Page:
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I have an ArrayList filled with objects with attributes name and time. I would like to remove duplicates based on the name and keep only records with the latest time. So I have overriden equals and hashcode for name in my object and used code like this.

private List<ChangedRecentlyTO> groupRecords(List<ChangedRecentlyTO> toList) {
    changedRecentlyList.clear(); //static list
    for(ChangedRecentlyTO to : toList) {
        if(!changedRecentlyList.contains(to)) {
            changedRecentlyList.add(to);
        } else {
            if(changedRecentlyList.get(changedRecentlyList.lastIndexOf(to)).getTimeChanged().before(to.getTimeChanged())) {
                changedRecentlyList.remove(to);
                changedRecentlyList.add(to);
            }
        }
    }
    return changedRecentlyList;
}

But I am wondering, is there a better solution?I was thinking about using Set but I am not able to figure out how should I put there the time criterion.

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10  
Put it in a Map using the name as the key. Write a 'put' method that will check if the time is greater than whatever is already in there. –  radimpe Jul 12 '12 at 8:51
    
As said radimpe you may want to overwrite the add/put method of your container. But if you only use it here, I'm not sure it's worth the change –  Michael Laffargue Jul 12 '12 at 9:03
    
It is only one place solution so I don't that creating new class just for this is worth it. –  Petr Mensik Jul 12 '12 at 9:14
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6 Answers

up vote 1 down vote accepted

You have to me two ways, one which requires understanding how the set work, and one which is more understandable for people who have littler understanding of Java Collections:

If you want to make it simple, you can simply read in the detail the Javadoc of Set, http://docs.oracle.com/javase/6/docs/api/java/util/Set.html#add(E). It clearly states that if an element is already inside, it won't be added again.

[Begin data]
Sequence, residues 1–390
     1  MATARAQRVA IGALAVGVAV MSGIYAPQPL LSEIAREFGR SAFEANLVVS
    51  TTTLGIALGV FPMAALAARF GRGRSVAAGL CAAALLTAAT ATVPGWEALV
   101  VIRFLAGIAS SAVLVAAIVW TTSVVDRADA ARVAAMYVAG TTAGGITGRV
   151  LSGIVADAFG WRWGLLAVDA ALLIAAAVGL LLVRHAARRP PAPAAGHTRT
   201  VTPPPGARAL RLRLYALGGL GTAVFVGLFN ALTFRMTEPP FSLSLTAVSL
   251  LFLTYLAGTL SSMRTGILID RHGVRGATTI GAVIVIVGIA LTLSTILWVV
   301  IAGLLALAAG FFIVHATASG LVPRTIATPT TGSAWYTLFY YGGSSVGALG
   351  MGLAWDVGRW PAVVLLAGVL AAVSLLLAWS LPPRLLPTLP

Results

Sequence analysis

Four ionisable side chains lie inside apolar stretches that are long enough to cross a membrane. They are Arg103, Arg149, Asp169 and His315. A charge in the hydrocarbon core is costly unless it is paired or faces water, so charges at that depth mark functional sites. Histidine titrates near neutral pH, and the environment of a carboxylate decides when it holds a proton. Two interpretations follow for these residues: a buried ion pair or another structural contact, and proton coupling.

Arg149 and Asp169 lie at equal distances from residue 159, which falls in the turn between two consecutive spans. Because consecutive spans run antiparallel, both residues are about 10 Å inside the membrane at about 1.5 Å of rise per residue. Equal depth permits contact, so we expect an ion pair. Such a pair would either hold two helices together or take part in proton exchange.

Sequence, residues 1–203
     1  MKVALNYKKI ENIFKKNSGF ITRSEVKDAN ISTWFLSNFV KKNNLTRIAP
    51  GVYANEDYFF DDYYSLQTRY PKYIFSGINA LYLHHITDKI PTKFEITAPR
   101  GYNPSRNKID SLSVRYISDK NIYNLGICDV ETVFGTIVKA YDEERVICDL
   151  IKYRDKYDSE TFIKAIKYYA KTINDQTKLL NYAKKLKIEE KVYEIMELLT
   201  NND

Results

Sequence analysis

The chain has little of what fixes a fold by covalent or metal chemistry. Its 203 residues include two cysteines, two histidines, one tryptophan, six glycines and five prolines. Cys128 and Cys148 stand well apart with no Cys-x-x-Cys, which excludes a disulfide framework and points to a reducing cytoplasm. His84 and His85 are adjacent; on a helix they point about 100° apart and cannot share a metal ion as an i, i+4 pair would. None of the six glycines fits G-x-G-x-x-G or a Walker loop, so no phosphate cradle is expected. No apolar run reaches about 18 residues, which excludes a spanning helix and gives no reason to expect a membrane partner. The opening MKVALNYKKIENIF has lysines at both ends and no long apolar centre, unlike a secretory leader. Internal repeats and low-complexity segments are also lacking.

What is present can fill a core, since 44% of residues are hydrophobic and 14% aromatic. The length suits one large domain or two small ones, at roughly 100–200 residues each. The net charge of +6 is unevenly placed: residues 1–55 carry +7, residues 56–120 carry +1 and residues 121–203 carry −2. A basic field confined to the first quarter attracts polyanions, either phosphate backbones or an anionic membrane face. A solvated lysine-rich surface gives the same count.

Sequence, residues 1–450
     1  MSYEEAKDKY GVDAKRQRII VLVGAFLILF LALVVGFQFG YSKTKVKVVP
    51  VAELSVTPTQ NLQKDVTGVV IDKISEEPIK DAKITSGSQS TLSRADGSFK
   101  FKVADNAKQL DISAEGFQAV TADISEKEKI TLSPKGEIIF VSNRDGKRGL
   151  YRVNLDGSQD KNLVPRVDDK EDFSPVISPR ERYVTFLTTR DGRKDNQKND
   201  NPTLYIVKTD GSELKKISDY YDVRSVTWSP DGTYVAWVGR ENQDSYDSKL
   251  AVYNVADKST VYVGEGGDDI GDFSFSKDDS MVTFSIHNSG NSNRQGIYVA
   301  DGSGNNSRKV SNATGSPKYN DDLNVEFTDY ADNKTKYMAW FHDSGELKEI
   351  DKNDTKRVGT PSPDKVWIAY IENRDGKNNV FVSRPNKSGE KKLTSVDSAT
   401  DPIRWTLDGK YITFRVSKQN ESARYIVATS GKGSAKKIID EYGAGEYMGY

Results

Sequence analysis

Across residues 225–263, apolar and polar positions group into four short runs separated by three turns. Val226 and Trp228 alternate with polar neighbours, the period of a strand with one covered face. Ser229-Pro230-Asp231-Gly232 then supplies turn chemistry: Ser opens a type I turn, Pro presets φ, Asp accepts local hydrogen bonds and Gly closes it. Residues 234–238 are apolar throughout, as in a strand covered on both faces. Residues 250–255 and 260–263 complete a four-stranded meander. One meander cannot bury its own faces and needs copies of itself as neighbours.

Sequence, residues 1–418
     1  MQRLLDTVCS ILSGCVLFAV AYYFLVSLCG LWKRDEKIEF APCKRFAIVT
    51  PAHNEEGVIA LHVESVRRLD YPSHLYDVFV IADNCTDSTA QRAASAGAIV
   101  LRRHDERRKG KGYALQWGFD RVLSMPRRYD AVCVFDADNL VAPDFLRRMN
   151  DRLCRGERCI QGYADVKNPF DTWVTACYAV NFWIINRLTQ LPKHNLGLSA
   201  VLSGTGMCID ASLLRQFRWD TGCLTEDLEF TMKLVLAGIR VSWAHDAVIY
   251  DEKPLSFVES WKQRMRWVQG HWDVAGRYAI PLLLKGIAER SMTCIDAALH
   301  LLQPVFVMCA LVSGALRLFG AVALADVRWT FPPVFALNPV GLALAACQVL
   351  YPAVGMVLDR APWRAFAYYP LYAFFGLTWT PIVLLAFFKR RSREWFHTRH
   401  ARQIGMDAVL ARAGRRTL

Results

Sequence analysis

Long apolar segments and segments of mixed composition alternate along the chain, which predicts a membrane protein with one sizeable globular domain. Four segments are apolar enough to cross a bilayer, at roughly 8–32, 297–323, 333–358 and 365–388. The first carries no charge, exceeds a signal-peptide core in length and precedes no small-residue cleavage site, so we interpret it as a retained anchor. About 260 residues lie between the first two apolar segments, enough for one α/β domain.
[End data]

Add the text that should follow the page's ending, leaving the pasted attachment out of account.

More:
• You implement your equals and hashcode using only the name
  • You sort the items by time and then you add them to the Set.

In such a way, the first time you will add the item to Set, you will be adding the elements with the latest times. When you'll add the others, they will be ignored because they are already contained.


If someone else who does not know exactly the contract of java.util.Set behaves, you might want to extend Set to make your intention clearer. However, since a Set is not supposed to be accessed to "get back an element after removal", you will need to back your set with an HashMap:

interface TimeChangeable {
   long getTimeChanged();
}
public class TimeChangeableSet<E extends TimeCheangeable> implements Set<E> {

    private final HashMap<Integer,E> hashMap = new HashMap<Integer,E>();

    @Override
    public boolean add(E e) {
        E existingValue = hashMap.remove(e.hashCode());
        if(existingValue==null){
            hashMap.put(e.hashCode(),e);
            return true;
        }
        else{
            E toAdd = e.getTimeChanged() > existingValue.getTimeChanged() ? e : existingValue;
            boolean newAdded = e.getTimeChanged() > existingValue.getTimeChanged() ? true : false;
            hashMap.put(e.hashCode(),e);
            return newAdded;
        }

    }

    @Override
    public int size() {
        return hashMap.size();
    }

    @Override
    public boolean isEmpty() {
        return hashMap.isEmpty();
    }

    @Override
    public boolean contains(Object o) {
        return hashMap.containsKey(o.hashCode());
    }

    @Override
    public Iterator<E> iterator() {
        return hashMap.values().iterator();
    }

    @Override
    public Object[] toArray() {
        return hashMap.values().toArray();
    }

    @Override
    public <T> T[] toArray(T[] a) {
        return hashMap.values().toArray(a);
    }

    @Override
    public boolean remove(Object o) {
        return removeAndGet(o)!=null ? true : false;
    }

    public E removeAndGet (Object o) {
        return hashMap.remove(o.hashCode());
    }

    @Override
    public boolean containsAll(Collection<?> c) {
        boolean containsAll = true;
        for(Object object:c){
            E objectInMap = removeAndGet(object);
            if(objectInMap==null || !objectInMap.equals(object))
                containsAll=false;
        }
        return containsAll;
    }

    @Override
    public boolean addAll(Collection<? extends E> c) {
        boolean  addAll=true;
        for(E e:c){
            if(!add(e)) addAll=false;
        }
        return addAll;

    }

    @Override
    public boolean retainAll(Collection<?> c) {
        boolean setChanged=false;
        for(E e: hashMap.values()){
            if(!c.contains(e)){
                hashMap.remove(e.hashCode());
                setChanged=true;
            }
        }
        return setChanged;
    }

    @Override
    public boolean removeAll(Collection<?> c) {
        throw new UnsupportedOperationException("Please do not use type-unsafe methods in 2012");